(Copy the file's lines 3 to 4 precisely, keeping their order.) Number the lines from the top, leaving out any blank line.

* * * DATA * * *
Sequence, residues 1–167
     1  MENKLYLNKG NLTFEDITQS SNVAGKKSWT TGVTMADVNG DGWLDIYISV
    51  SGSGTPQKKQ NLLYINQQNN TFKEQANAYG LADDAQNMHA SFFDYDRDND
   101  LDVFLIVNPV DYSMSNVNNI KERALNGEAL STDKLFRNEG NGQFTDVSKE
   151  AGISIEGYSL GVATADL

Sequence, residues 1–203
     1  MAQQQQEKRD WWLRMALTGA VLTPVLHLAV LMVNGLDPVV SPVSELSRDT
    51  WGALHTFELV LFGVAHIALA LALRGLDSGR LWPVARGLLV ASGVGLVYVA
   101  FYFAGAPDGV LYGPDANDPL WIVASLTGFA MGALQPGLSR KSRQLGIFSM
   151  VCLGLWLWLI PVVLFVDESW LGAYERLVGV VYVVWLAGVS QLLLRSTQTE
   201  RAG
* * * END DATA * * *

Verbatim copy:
    51  SGSGTPQKKQ NLLYINQQNN TFKEQANAYG LADDAQNMHA SFFDYDRDND
   101  LDVFLIVNPV DYSMSNVNNI KERALNGEAL STDKLFRNEG NGQFTDVSKE